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V-Slice or Straight blade mandoline

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I'm confused as to which of these would be "better"... I do realize it is somewhat relative to usage. It seems as though the more expensive models have the straight blade but I have read that they are not very good with softer foods. Do they offer other advantages?

Using Oxo as an example, their straight blade lists for $20 more than their V-slicer, while the V-slicer won their mandoline testing.

Anyone have any info on the relative pluses and minuses for the different types?


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  1. I would buy a V slicer. It works well on both hard and soft foods like you mentioned. At $20 less and the winner of a slicing test (who said they won? ATK?) why not go for it?

    5 Replies
    1. re: Shaw Oliver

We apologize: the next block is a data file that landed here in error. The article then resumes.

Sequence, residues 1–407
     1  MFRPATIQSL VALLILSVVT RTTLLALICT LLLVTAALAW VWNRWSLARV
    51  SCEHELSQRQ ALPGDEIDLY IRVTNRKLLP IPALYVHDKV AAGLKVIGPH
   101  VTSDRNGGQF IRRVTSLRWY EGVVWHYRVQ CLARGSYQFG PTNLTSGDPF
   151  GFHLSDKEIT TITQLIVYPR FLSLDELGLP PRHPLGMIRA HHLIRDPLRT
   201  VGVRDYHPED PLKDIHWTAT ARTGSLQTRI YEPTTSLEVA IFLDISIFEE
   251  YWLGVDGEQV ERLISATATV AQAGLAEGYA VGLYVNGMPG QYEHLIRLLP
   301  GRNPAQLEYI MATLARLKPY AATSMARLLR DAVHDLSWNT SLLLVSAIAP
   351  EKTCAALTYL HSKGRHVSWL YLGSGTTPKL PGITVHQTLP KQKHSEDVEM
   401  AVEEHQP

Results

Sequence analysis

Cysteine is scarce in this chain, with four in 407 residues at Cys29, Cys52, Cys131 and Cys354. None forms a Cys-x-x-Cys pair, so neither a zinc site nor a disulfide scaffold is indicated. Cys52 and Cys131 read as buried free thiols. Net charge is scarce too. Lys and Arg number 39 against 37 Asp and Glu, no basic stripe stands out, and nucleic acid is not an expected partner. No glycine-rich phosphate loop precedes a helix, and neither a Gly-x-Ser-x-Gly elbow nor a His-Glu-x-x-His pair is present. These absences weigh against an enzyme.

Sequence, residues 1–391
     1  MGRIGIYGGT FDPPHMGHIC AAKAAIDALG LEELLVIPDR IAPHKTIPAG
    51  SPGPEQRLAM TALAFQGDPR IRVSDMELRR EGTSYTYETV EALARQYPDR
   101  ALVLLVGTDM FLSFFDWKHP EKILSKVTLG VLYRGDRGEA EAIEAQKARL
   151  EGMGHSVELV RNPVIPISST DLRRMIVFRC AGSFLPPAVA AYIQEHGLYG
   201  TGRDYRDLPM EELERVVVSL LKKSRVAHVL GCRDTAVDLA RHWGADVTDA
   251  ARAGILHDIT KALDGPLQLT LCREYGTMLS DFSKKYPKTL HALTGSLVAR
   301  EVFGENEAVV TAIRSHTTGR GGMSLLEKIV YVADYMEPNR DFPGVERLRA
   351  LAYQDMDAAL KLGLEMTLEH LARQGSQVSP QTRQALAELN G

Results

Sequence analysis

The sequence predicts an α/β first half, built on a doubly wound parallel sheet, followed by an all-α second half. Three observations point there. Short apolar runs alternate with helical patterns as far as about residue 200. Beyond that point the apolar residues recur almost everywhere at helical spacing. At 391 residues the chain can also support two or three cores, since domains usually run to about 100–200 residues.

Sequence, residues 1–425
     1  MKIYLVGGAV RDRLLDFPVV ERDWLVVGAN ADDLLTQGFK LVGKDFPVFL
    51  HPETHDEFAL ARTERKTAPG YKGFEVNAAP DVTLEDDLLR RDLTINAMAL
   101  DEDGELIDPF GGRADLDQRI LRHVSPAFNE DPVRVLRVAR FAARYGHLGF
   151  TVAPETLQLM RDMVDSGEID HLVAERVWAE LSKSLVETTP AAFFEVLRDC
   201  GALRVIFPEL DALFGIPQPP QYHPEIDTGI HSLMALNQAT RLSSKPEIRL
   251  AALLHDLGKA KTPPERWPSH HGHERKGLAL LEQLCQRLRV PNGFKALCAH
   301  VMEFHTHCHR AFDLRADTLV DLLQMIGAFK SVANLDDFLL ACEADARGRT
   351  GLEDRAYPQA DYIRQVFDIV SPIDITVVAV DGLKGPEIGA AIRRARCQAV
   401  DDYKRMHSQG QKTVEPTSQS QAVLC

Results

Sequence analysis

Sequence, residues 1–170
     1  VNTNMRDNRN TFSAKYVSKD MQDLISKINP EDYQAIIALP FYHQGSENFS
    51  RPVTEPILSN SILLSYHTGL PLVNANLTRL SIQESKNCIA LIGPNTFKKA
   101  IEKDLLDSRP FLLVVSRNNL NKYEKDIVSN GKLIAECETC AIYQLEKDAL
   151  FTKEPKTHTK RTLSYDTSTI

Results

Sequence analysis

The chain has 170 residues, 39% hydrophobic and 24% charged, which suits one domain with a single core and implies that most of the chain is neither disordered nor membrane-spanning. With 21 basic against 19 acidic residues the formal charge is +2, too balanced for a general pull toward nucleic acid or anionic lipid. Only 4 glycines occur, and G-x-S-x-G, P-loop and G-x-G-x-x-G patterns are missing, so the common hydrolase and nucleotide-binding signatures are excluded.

For most foods, the blade needs to be at an angle to get a nice clean slice. Not a big deal with stuff like potatoes, carrots and slaw, but it makes all the difference with softer things like tomatoes. The vee-slicer gives you a fairly steep angle while still being compact.

      1. re: MikeB3542

        Absolutely right and a better explanation than I gave. I guess it's the equivalent of hacking a vegetable with a knife (straight down) versus slicing through the item with that knife. So imagine placing a knife on a ripe tomato and pushing down - probably not a great result.

        1. re: Shaw Oliver

          Thus the slanted blade on guillotine....CHOP!

          1. re: MikeB3542

            Imagine the beta test with the guillotine before the blade was slanted. Thump and squish!

          2. re: Shaw Oliver

            depends on the knife. hehe

      2. I've had several of each, and the best I've ever had was an uber-cheap, orange plastic V-shaped mandoline. The blades were fixed into the frame, and you simply reversed the base to go from thick to thin. It was German-made, brought to me as a gift, but I'm sure it cost less than $20. My thinking is: If one slant is good, two (the "v") is better.

        1. I love my 'V" slicer - I use it at least weekly.